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by Josh Filler: Homeland security issues including prevention and protection

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April 2011 Archives
April 12, 2011

It’s here. Well, the bill hasn’t passed and the President has not signed it into law, but the House and Senate have agreed upon the funding details for what remains of Federal FY 2011. In that agreement rests the funding numbers for the homeland security grant programs. While most of the programs survived, virtually all of the programs suffered cuts. Some suffered dramatic cuts. Here are the details:

Fire Fighter Assistance Grants - $810 million, which includes:
 $405 million for equipment
 $405 million for personnel
 
State Homeland Security Program - $725 million, which includes:
$55 million for Stonegarden
$45 million for Driver’s License Security
$10 million for Citizen Corps
$35 million for MMRS

Urban Areas Security Initiative - $725 million, which includes:
 $19 million for Non-Profit Security Grants

Transit Security Grant program - $250 million, which includes:
 $20 million for Amtrak
 $5 million for Over the Road Bus Security Grants

Port Security Grant Program - $250 million

Emergency Management Performance Grants - $340 million

Emergency Operations Center Grants - $15 million

Regional Catastrophic Preparedness Grants - $15 million

 

Grants that have been zeroed out (not funded) for FY 2011 are:

Buffer Zone Protection Program

Interoperable Emergency Communications Grant Program

Only the Assistance to Firefighters and Emergency Management Performance Grants were  funded at the same level as in FY 2010.  Beyond BZPP and IECGP, the big loser for FY 2011 was clearly the SHSP, which is actually funded at $580 million in FY 2011 compared to $890 million in SHSP funding in FY 2010, when you account for several of the other grant programs that are now being counted as part of SHSP, but were stand alone programs in prior years. This $580 million includes the 25% for law enforcement terrorism prevention activities. The requirement that 25% of UASI funding go towards law enforcement terrorism prevention activities also applies in FY 2011.  The UASI program, while not the biggest loser among the grants, was by no means a winner in the process. The $162 million cut to UASI, compared to FY 2010 funding levels, will have a major impact on the program going forward as discussed below.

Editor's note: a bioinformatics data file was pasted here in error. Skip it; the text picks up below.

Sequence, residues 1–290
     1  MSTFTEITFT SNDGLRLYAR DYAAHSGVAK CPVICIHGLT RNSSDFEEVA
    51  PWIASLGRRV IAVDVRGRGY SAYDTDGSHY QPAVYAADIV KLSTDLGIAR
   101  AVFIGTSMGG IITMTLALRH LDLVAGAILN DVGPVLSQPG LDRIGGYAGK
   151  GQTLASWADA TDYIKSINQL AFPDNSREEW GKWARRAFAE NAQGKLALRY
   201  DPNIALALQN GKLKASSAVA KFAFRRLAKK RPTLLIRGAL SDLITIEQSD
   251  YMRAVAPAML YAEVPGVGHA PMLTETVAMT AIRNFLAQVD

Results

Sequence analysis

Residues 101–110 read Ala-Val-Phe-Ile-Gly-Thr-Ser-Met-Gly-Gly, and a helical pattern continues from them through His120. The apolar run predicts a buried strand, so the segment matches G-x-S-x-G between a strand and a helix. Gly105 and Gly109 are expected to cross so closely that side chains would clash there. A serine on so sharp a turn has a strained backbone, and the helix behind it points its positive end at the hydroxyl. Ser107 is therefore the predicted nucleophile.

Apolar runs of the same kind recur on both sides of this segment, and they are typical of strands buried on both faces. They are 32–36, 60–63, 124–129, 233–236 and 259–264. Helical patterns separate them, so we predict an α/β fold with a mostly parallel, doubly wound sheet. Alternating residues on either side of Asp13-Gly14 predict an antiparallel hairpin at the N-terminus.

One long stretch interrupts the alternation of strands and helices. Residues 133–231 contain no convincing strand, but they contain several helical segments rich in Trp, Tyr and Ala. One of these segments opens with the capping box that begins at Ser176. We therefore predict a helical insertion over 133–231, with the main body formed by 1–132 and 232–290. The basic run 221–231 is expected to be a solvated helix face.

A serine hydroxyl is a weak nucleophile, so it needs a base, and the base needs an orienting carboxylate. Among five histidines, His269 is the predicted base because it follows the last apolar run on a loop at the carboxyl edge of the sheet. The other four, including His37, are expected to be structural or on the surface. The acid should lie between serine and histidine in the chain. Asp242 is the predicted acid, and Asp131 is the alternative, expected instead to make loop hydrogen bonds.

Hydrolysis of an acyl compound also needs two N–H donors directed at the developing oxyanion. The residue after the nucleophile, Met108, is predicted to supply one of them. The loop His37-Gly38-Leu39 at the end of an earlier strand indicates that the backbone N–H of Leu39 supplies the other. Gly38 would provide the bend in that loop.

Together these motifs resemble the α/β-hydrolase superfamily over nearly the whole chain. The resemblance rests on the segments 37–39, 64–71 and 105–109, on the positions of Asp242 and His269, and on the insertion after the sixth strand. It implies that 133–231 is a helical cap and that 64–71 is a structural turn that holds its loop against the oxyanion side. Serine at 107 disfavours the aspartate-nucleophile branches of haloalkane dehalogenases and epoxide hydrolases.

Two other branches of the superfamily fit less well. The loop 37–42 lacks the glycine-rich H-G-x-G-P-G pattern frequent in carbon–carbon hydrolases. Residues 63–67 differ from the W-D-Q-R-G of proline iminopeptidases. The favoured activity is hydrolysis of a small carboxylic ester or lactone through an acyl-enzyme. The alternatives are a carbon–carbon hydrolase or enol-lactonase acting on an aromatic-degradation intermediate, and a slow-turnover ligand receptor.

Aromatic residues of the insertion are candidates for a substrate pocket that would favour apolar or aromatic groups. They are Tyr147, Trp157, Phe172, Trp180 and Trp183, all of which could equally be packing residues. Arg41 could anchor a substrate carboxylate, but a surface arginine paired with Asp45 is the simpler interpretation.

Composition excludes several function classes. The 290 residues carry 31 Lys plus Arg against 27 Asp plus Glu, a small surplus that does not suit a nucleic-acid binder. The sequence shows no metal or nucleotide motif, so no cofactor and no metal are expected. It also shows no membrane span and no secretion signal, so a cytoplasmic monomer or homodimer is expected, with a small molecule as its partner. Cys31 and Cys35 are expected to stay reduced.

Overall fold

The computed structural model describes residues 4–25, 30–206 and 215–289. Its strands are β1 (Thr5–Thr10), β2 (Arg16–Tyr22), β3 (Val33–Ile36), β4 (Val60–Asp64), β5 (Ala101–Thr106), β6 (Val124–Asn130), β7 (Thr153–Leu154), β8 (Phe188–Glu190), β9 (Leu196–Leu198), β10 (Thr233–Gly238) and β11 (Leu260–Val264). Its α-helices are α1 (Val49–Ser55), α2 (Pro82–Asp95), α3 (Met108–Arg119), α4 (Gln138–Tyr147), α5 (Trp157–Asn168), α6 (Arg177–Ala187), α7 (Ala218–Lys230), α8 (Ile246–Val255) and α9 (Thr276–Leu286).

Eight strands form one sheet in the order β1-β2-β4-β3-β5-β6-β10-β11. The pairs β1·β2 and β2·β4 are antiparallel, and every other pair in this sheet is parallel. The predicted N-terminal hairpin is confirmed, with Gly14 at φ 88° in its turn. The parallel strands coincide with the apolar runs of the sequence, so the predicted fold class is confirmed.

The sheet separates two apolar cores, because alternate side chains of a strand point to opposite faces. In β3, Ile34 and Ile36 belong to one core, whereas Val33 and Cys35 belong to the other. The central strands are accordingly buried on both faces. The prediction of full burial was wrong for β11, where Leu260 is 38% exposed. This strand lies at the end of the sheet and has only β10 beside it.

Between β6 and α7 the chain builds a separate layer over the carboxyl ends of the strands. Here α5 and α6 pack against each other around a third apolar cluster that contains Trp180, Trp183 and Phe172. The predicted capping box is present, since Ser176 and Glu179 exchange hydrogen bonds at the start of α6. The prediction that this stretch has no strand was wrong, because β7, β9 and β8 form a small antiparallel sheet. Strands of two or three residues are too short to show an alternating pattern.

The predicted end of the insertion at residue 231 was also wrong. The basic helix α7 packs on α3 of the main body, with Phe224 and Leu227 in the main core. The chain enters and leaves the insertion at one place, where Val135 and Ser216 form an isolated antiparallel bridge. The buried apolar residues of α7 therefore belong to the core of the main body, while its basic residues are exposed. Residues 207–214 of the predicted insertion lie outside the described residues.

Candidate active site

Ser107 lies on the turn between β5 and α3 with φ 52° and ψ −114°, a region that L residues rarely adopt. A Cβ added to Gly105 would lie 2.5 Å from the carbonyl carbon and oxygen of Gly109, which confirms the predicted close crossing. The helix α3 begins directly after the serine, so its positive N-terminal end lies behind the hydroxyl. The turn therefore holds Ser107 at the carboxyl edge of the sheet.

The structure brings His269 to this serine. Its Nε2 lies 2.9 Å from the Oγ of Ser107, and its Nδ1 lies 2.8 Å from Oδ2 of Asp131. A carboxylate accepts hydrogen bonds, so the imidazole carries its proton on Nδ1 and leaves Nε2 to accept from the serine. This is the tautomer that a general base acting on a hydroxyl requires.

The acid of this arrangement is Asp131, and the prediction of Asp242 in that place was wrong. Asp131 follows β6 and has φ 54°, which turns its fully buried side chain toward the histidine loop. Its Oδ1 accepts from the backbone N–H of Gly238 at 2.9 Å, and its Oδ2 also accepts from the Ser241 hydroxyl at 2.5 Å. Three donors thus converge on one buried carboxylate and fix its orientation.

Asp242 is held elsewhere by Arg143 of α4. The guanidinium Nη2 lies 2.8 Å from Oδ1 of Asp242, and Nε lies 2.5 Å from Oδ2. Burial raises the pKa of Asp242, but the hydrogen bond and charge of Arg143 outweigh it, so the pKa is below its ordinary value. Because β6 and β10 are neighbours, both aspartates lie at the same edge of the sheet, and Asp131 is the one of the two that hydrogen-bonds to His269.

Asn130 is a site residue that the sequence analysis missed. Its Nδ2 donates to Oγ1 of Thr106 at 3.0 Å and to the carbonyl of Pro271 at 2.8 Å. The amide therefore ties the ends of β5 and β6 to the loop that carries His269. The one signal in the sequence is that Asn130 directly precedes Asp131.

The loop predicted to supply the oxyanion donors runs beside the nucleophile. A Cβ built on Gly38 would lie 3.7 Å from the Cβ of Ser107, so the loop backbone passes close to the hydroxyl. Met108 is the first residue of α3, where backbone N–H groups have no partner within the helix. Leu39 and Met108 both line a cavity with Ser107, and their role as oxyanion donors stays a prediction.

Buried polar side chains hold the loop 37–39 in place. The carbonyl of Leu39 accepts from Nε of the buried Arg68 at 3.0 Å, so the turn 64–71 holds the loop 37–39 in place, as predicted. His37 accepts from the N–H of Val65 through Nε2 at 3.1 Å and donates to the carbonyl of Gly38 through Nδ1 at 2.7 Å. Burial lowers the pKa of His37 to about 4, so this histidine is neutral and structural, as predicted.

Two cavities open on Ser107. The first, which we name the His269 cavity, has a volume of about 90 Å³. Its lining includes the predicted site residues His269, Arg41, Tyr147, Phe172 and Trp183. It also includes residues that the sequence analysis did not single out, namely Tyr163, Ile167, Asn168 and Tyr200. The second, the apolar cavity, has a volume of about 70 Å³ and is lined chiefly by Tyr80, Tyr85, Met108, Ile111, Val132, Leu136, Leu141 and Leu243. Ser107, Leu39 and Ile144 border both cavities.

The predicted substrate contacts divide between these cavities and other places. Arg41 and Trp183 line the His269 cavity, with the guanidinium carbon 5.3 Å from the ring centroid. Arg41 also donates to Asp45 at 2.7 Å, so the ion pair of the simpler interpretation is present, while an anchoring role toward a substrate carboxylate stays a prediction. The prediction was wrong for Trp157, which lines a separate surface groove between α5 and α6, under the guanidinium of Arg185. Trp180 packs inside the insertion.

None of the above listed funding numbers for FY 2011 include the 5.8% that FEMA will take off the top for Management and Administration of the grants. Therefore, the above funding numbers will actually go down even further. In addition, under the bill, FEMA has up to 25 days to release grant guidance for SHSP and UASI and the applicants can be given up to 90 days to apply. However, since the funds are one year money, meaning FEMA has to award the money to the States before September 30, 2011; FEMA will likely give the States 30 days to apply instead of the usual 90 days. 

The Congresswoman Nita Lowey (D-NY) amendment, which passed the House of Representatives as part of H.R. 1 and limited the UASI program to 25 cities, is not part of the final budget bill. However, with the large cut in UASI funding, it is now on DHS to decide how to distribute the remaining UASI funds. This will likely turn on how DHS decides to treat New York City. If DHS decides to hold New York harmless and fund the city at the same level as FY 2010, it will have to impose large cuts on the remaining UASI cities and/or trim the list by dropping certain cities. If DHS cuts New York in order to salvage the current list of UASI’s it will incur the wrath of New York similar to what happened in FY 2006 when the city saw a cut in its funding as compared to the previous fiscal year. This is no enviable task for DHS as it will be attacked no matter what it decides to do.

Finally, State and Urban Areas must do a better job of explaining the benefits of the SHSP and UASI programs in terms of how the programs reduce the nation’s risk to terrorism and other hazards by enhancing capabilities. This must be data driven and go beyond simply anecdotes of good things purchased. Congress must be given some performance measures and metrics to determine the value of its investment in State and local homeland security preparedness. As with the overall budget, the fights and cuts in Congress in FY 2011 are small compared to what is coming in FY 2012. Thus, cuts to homeland security grants could get even deeper and the time for States and Urban Areas to organize in order to salvage these programs is getting smaller as well. 


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